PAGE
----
The story of Foxconn might be exceptional in scale, but otherwise it is a window onto a deeply established, institutionalized process of city-versus- city and state-versus- state competition that beggars public coffers while enriching corporations. The love of economic development spending crosses party lines, but it has proved particularly popular in states like Wisconsin under the control of Republican governors and legislatures. As Governor Walker’s campaign slogan had promised, Wisconsin was “open for business.” Cutting business taxes and spending freely on economic development held out the promise of prosperity but contained the reality of slashed education budgets, cuts to social services, and deferred spending on deteriorating infrastructure. Even so, the political halo for governors and mayors granted by landing deals was incontestable. Everyone seemed to love a winner, even if they grossly overpaid.

Trump’s promise in 2016 to bring back manufacturing jobs—like those in the Dubuque of my childhood—was a major part of his appeal in the Upper Midwest. It was welcome news to Racine County, in southeastern Wisconsin, the eventual site for the Foxconn complex. Even more so than Dubuque, the city of Racine had once been a bustling manufacturing center with abundant well-paid jobs. During and after World War II, factories short on labor recruited workers from the Deep South, making Racine a destination in that wave of the Great Migration. But like Dubuque, beginning in the mid-1970s Racine entered a period of steady economic decline. So Foxconn’s promise of 13,000 “family-supporting” jobs was irresistible to local representatives of both parties. When it came down to designating which land to grant to Foxconn, not everyone was so accommodating. Lucky for the boosters, the village of Mount Pleasant—just outside of Racine, population 26,000—had not only plenty of wide-open farmland but also a Tea Party–led village board who jumped at the opportunity. Mount Pleasant’s boosters believed—or said they believed—that by falling in line behind the Foxconn project, they would be helping make America great again.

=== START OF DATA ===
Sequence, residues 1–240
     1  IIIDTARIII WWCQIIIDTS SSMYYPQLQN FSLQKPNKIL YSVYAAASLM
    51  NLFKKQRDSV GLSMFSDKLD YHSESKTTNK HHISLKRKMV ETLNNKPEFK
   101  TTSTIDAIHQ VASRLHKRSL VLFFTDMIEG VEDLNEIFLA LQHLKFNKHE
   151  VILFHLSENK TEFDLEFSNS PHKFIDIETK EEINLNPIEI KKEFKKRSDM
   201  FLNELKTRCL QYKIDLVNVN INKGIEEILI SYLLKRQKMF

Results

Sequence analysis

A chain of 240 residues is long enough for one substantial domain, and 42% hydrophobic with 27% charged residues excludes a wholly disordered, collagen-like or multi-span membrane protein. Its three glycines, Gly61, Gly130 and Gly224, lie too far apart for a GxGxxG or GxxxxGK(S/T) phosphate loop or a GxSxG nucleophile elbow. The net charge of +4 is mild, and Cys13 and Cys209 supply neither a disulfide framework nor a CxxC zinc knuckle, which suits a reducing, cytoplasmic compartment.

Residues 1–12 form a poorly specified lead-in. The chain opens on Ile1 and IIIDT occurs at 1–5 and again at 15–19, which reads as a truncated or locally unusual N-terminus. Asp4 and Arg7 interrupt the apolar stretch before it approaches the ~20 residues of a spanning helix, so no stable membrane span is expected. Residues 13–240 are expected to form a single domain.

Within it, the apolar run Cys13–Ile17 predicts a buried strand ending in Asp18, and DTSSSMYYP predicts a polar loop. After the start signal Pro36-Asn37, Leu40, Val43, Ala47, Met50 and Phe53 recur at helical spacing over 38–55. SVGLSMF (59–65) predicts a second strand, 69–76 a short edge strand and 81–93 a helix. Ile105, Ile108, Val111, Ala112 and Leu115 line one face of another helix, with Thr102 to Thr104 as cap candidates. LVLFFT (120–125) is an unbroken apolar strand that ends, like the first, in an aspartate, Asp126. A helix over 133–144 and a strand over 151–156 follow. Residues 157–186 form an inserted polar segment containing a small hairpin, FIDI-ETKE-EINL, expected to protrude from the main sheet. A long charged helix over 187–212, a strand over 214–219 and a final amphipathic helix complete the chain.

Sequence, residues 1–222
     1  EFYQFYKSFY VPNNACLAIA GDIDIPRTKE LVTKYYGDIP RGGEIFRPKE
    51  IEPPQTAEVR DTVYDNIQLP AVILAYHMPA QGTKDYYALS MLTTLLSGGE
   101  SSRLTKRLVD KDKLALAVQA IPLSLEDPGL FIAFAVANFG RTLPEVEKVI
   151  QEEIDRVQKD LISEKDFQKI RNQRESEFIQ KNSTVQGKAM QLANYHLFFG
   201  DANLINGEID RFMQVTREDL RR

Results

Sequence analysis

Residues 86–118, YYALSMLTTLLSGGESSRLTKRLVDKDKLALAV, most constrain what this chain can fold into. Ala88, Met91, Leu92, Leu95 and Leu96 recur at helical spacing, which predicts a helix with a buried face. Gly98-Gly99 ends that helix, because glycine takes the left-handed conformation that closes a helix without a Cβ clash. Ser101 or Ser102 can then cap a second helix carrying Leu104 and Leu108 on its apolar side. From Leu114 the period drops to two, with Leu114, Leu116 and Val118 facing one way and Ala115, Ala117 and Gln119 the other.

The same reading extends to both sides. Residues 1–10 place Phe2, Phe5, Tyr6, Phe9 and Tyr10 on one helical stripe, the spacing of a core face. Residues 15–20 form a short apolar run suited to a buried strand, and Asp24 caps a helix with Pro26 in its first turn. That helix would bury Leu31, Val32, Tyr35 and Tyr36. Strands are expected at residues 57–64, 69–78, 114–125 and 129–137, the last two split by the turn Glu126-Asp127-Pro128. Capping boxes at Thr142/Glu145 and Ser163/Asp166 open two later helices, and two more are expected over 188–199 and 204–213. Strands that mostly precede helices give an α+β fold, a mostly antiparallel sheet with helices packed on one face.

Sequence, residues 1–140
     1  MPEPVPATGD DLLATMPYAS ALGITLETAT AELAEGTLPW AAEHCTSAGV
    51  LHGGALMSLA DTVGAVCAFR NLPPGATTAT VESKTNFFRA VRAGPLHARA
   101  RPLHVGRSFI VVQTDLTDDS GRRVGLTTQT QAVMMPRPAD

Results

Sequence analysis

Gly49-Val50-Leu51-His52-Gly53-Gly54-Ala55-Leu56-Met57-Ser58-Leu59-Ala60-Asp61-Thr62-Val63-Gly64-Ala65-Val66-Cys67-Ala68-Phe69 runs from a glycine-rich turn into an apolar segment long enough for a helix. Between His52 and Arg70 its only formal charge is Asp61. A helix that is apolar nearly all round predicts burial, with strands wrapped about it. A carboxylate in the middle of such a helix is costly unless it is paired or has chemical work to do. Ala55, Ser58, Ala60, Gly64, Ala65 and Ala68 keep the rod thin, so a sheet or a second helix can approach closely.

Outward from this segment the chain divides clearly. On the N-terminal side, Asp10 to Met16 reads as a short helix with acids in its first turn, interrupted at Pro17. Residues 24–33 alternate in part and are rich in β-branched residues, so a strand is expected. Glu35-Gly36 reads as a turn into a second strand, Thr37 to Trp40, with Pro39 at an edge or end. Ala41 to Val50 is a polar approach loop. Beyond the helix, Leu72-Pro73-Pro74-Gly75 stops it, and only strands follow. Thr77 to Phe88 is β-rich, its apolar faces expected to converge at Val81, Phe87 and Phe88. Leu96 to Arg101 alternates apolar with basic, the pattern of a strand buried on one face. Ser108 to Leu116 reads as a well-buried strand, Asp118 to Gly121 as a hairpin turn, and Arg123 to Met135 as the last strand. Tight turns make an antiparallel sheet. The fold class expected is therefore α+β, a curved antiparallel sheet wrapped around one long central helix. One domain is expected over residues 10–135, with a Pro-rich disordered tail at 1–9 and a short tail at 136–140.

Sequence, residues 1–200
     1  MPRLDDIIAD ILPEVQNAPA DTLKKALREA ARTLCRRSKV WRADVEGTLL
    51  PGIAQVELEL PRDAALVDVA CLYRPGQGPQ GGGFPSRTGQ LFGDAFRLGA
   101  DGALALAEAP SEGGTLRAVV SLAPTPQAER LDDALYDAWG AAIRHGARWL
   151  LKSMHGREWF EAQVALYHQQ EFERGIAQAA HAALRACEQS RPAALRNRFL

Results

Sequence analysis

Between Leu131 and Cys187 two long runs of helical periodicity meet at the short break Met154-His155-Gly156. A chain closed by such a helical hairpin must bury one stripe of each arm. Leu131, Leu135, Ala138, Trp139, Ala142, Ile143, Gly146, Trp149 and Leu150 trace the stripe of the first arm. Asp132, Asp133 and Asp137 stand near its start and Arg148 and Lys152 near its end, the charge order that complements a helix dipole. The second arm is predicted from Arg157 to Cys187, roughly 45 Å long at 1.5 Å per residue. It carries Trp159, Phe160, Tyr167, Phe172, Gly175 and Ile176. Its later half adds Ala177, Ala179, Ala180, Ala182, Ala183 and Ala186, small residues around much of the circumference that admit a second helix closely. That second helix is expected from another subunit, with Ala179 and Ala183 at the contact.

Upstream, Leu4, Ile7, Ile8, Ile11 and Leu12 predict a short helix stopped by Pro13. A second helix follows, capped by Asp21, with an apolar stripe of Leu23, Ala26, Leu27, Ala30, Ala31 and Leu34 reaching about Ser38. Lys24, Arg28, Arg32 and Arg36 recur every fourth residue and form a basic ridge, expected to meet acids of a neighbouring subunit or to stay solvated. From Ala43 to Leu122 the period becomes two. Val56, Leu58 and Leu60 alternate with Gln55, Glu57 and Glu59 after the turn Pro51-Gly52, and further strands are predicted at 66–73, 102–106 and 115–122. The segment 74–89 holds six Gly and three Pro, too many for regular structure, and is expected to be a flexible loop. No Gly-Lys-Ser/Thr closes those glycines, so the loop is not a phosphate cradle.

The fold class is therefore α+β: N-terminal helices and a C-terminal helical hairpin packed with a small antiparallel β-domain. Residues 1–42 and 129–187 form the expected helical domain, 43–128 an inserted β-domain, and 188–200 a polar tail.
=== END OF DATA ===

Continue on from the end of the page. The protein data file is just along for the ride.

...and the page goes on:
Digging into the Foxconn project unveils the cozy relationships among corporations, contractors, consultants, and municipal and state governments. It illuminates a deeply ingrained economic development complex that rewards corporations with generous taxpayer-funded grants, politicians with political capital, and connected contractors and vendors with lucrative business. Public incentive spending engineers public support through promised job creation but ends up enriching the few. Our current means of economic development satisfies the definition of “plutocratic populism,” developed by the political scientists Jacob Hacker and Paul Pierson. Plutocratic populism is a system in which the majority of voters end up supporting a process that helps concentrate wealth. Modern economic development is a below-the- radar machine that steadily moves money from public coffers to enrich the already affluent, helping to power the accelerating income disparity in the United States that is not only a national disgrace but also a looming danger to the republic.

We are all being Foxconned, every day.

Reprinted with permission from Foxconned: Imaginary Jobs, Bulldozed Homes, and the Sacking of Local Government by Lawrence Tabak, published by the University of Chicago Press. © 2021. All rights reserved.